Bradford's History of Plymouth Plantation, 1606-1646, Volume 10 (Google eBook)

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C. Scribner's Sons, 1908 - Massachusetts - 435 pages
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Preface Admited Pariot. Bradford's personal tale laying dormant for almost 300 years! And then we get 435 pages of first person American History, Why is this not the most important American Journal written? It may be because it describes an America ( the first 40 years) that is not known to modern, liberal historians.  

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Page 154 - And he humbled thee, and suffered thee to hunger, and fed thee with manna, which thou knewest not, neither did thy fathers know; that he might make thee know that man doth not live by bread only, but by every word that proceedeth out of the mouth of the Lord doth man live.
Page 128 - Happy is he that hath the God of Jacob for his help, whose hope is in the LORD his God...
Page 94 - And for the season it was winter; and they that know the winters of that country know them to be sharp and violent...
Page 94 - And no marvel if they were thus joyful, seeing wise Seneca was so affected with sailing a few miles on the coast of...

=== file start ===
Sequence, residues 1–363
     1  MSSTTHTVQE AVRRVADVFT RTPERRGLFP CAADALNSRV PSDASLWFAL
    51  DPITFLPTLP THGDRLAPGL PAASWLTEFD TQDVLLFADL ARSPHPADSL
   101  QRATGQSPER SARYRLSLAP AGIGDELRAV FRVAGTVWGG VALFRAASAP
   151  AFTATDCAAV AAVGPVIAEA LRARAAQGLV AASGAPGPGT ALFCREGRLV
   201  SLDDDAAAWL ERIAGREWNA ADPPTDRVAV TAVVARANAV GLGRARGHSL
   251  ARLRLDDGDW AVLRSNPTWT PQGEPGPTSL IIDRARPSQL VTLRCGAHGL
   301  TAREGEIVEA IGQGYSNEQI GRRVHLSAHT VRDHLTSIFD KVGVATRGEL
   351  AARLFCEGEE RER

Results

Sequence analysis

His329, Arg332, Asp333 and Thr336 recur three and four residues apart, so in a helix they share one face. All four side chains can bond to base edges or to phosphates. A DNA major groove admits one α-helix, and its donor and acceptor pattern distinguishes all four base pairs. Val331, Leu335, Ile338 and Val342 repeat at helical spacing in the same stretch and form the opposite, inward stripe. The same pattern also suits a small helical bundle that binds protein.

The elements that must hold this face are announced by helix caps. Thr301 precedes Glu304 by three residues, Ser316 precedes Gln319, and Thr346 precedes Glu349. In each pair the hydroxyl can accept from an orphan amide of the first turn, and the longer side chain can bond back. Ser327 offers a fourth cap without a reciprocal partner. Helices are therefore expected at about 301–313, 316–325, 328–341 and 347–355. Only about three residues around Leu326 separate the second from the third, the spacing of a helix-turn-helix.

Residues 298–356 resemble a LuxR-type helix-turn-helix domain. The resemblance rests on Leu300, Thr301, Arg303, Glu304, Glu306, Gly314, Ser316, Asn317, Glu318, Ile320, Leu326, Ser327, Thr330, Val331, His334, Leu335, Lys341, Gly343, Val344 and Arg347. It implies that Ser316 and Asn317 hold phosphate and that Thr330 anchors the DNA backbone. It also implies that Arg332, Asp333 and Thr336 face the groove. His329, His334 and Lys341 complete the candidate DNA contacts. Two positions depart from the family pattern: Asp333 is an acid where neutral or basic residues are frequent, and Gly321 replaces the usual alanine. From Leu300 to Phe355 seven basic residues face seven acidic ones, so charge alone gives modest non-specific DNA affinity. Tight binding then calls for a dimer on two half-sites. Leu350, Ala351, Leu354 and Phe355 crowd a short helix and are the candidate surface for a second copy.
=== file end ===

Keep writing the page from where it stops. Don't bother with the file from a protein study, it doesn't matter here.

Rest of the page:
Page 108 - ... tooles that were stolen away before, and made way for the coming of their great Sachem, called Massasoyt; who, about 4. or 5. days after, came with the cheefe of his freinds and other attendance, with the aforesaid Squanto. With whom, after frendly entertainment, and some gifts given him, they made a peace with him (which hath now continued this 24. years) in these terms.
Page 106 - Virginia, do by these presents solemnly and mutually in the presence of God and one of another, covenant and combine ourselves together into a civil body politic, for our better ordering and preservation and furtherance of the ends aforesaid...
Page 170 - Concerning the killing of those poor Indians, of which we heard at first by report, and since by more certain relation. Oh, how happy a thing had it been, if you had converted some, before you had killed any; besides where blood is once begun to be shed, it is seldom staunched of a long time after.
Page 106 - And of these, in the time of most distress, there was but six or seven sound persons who to their great commendations, be it spoken, spared no pains night nor day, but with abundance of toil and hazard of their own health, fetched them wood, made them fires, dressed them meat, made their beds, washed their loathsome clothes, clothed and unclothed them.
Page 106 - ... offices, from time to time, as shall be thought most meet and convenient for the general good of the colony, unto which we promise all due submission and obedience. In witness whereof we have...
Page 236 - Indian women for their consorts, dancing and frisking together like so many fairies, or furies, rather; and worse practices. As if they had anew revived and celebrated the feasts of the Roman goddess Flora, or the beastly practices of the mad Bacchanalians.

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